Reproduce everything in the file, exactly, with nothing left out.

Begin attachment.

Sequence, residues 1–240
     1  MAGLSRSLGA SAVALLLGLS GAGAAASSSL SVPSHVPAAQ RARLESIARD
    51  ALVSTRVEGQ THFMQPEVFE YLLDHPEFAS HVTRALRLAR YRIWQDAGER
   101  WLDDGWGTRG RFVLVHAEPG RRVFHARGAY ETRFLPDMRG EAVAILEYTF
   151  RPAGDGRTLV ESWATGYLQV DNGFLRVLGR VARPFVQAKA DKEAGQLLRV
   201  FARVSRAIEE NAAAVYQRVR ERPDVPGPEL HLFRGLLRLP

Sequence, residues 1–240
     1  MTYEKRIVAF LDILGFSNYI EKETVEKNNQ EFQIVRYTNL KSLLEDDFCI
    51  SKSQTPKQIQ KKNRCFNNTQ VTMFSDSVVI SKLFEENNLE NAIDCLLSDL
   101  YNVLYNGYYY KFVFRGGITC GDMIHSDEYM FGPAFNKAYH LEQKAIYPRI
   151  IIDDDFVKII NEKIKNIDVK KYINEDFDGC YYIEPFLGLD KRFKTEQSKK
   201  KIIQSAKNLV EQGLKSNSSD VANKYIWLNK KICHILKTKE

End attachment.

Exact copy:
Sequence, residues 1–240
     1  MAGLSRSLGA SAVALLLGLS GAGAAASSSL SVPSHVPAAQ RARLESIARD
    51  ALVSTRVEGQ THFMQPEVFE YLLDHPEFAS HVTRALRLAR YRIWQDAGER
   101  WLDDGWGTRG RFVLVHAEPG RRVFHARGAY ETRFLPDMRG EAVAILEYTF
   151  RPAGDGRTLV ESWATGYLQV DNGFLRVLGR VARPFVQAKA DKEAGQLLRV
   201  FARVSRAIEE NAAAVYQRVR ERPDVPGPEL HLFRGLLRLP

Sequence, residues 1–240
     1  MTYEKRIVAF LDILGFSNYI EKETVEKNNQ EFQIVRYTNL KSLLEDDFCI
    51  SKSQTPKQIQ KKNRCFNNTQ VTMFSDSVVI SKLFEENNLE NAIDCLLSDL
   101  YNVLYNGYYY KFVFRGGITC GDMIHSDEYM FGPAFNKAYH LEQKAIYPRI
   151  IIDDDFVKII NEKIKNIDVK KYINEDFDGC YYIEPFLGLD KRFKTEQSKK
   201  KIIQSAKNLV EQGLKSNSSD VANKYIWLNK KICHILKTKE